Eugene Edward Petersen
Professor of Chemical Engineering, Emeritus
1924 – 2005
Eugene Edward Petersen, professor emeritus of chemical engineering at the University of California, Berkeley, died October 27, 2005 after a short battle with cancer. He was 81.
Gene Petersen, a recognized pioneer in modern chemical reaction engineering, devoted his career to understanding the fundamental physics and chemistry that control the behavior of the key unit in chemical and refining processes, the chemical reactor, within which reactant molecules are converted into useful products. His contributions in theory and experiment helped to transform the field, previously based on empirical observations and experience, into one guided by rational design and fundamental principles. His rigorous analysis of reactions occurring within porous inorganic catalysts came at the dawn of the era of purposeful catalyst design and remains relevant and broadly used several decades after its initial conception and development.
Petersen was born on March 2, 1924, and raised in Tacoma, Washington. He spent one year as a pre-engineering student at the University of Puget Sound and then worked for a short time as a tool-and-die-making apprentice, a passion and hobby that remained with him throughout his life and led to scholarly writings about the art and science of constructing complex gear assemblies. He joined the U.S. Army in 1943 and served in the European front during the critical final years of World War II. In 1946, he entered the University of Washington, where he received B.S. (1949) and M.S. (1950) degrees in chemical engineering. He continued with graduate studies at Pennsylvania State University and received a Ph.D. degree in fuel science in 1953. Gene joined Berkeley’s Division of Chemical Engineering within the College of Chemistry (later to become the Department of Chemical Engineering) as an instructor in 1953. He rose through the academic ranks to become full professor in 1965. He chose emeritus status in 1991, but continued to contribute to departmental matters with his careful analysis and thoughtful advice until his death.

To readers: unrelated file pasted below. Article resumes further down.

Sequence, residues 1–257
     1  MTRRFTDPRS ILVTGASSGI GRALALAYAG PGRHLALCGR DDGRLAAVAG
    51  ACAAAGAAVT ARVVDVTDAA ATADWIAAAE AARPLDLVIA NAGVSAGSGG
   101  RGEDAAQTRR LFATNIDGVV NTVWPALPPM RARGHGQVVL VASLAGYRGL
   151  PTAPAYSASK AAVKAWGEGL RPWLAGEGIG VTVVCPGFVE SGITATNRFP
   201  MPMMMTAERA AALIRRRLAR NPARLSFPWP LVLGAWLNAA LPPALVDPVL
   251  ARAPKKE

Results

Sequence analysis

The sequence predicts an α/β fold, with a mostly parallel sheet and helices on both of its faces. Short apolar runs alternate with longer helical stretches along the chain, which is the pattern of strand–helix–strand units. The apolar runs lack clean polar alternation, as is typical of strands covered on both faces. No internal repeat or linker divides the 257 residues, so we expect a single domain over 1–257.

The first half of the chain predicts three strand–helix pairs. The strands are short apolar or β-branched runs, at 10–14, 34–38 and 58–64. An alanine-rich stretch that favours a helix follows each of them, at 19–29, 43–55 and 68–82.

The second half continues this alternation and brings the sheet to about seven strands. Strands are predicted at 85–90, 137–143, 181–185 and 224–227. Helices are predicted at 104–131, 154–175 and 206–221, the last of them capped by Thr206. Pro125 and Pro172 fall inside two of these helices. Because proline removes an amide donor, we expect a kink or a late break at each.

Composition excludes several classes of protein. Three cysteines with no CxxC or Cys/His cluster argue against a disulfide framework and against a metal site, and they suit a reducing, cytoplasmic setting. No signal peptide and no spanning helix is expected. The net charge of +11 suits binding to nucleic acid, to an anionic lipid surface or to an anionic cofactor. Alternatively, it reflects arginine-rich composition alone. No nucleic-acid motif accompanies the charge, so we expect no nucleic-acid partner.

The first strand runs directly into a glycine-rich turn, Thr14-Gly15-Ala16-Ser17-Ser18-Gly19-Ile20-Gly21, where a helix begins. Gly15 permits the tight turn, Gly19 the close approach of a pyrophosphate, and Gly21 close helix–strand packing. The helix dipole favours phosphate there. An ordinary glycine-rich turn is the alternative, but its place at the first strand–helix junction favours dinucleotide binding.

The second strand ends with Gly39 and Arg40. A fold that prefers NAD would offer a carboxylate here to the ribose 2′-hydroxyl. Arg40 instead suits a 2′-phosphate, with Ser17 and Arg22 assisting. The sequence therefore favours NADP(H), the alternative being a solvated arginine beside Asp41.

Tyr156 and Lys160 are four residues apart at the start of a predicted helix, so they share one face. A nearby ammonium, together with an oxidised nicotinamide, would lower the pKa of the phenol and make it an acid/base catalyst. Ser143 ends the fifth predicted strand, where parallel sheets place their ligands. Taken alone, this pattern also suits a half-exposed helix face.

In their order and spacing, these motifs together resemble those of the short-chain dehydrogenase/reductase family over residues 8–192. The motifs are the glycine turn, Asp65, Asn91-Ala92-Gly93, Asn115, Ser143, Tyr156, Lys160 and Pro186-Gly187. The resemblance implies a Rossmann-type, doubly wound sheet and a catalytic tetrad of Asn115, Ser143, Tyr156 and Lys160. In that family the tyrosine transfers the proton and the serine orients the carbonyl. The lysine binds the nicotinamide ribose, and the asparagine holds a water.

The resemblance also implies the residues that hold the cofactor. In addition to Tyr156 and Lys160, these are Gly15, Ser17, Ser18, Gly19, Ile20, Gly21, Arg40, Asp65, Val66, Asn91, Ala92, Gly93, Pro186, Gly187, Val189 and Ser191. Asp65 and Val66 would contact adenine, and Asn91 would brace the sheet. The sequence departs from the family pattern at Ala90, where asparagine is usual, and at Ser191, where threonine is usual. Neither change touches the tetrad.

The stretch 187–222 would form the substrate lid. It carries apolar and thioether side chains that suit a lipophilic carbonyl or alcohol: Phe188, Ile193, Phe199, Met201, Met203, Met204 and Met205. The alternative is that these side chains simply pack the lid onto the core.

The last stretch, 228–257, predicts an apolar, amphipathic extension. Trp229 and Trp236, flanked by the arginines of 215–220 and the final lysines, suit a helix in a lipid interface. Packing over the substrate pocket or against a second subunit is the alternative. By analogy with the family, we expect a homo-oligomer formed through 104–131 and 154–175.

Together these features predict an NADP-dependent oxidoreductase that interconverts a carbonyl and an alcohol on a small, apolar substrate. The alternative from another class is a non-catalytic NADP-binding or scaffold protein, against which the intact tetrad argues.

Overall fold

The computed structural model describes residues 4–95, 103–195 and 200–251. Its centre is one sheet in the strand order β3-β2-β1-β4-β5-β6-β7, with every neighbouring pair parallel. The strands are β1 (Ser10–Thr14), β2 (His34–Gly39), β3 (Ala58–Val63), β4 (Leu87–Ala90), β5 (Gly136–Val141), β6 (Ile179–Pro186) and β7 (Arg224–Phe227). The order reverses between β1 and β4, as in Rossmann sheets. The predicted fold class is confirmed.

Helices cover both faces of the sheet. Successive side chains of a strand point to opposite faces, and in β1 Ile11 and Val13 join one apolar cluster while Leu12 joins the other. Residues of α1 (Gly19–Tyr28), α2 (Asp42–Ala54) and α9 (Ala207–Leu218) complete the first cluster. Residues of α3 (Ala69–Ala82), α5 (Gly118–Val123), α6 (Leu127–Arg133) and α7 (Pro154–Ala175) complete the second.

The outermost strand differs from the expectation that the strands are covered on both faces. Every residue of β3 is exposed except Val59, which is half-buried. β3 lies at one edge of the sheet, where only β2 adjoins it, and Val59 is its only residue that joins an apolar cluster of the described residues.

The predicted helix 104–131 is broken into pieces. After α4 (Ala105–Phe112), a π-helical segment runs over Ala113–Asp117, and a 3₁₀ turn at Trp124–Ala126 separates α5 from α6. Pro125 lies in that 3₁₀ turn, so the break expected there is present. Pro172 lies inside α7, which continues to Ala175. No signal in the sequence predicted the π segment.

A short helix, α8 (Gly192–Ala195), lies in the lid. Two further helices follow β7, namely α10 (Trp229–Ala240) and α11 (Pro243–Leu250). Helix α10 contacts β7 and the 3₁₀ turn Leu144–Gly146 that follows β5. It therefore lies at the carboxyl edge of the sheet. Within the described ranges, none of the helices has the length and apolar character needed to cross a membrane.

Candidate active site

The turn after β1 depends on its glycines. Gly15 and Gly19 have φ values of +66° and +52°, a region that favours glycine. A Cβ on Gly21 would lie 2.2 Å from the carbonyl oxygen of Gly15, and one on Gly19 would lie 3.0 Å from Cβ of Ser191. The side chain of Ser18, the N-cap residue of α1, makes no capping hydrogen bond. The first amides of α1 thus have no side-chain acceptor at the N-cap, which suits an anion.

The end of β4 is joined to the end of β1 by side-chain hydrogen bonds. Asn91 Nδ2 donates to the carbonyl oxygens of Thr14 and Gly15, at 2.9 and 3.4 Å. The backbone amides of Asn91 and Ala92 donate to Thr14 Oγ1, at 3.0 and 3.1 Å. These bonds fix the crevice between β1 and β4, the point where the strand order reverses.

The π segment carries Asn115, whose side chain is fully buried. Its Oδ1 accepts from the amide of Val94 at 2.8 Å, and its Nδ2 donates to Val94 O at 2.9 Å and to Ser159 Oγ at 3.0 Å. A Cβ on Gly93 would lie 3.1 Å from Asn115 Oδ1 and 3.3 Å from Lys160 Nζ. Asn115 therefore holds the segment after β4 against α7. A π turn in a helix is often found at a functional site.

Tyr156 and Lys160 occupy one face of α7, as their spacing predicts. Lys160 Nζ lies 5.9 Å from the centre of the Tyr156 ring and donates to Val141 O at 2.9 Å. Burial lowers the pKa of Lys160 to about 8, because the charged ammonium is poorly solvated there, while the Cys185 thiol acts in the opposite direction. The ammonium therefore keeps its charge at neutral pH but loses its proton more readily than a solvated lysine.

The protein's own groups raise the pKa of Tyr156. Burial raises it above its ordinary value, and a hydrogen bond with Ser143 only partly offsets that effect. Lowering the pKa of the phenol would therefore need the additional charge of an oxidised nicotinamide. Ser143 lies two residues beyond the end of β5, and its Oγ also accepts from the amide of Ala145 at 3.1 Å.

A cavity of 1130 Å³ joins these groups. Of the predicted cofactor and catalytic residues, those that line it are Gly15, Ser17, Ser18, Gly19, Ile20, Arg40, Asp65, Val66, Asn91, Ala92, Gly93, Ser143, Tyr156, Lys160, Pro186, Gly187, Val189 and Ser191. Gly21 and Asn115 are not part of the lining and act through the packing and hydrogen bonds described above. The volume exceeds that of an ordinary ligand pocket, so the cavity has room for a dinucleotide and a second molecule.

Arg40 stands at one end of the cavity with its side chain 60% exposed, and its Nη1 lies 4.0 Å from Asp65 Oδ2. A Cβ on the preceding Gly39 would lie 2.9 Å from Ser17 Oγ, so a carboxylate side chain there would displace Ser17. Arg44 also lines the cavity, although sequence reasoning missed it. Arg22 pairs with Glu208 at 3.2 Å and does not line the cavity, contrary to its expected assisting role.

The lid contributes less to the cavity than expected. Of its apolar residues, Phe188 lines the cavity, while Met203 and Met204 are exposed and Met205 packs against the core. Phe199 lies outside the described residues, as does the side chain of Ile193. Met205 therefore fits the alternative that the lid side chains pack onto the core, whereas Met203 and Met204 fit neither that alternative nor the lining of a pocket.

Petersen's research addressed the manner in which catalysts – porous solids that increase the rate of specific reactions without themselves being consumed – perform their function. His studies also probed the mechanism by which these catalysts occasionally fail at their tasks during use. These selectivity and deactivation issues were elegantly addressed by his development of the “single-pellet reactor”, which brought unprecedented detail and a definitive analysis to the assessment of the roles of chemistry, diffusion, and poisoning in catalysis. This instrument and Petersen’s elegant theoretical analysis, which exploited in a timely manner the advent of computation in chemical engineering, allowed the first measurements of nonuniformities in concentration and temperature within porous particles and the definitive elucidation of the marked consequences of such gradients on the catalytic function of these materials.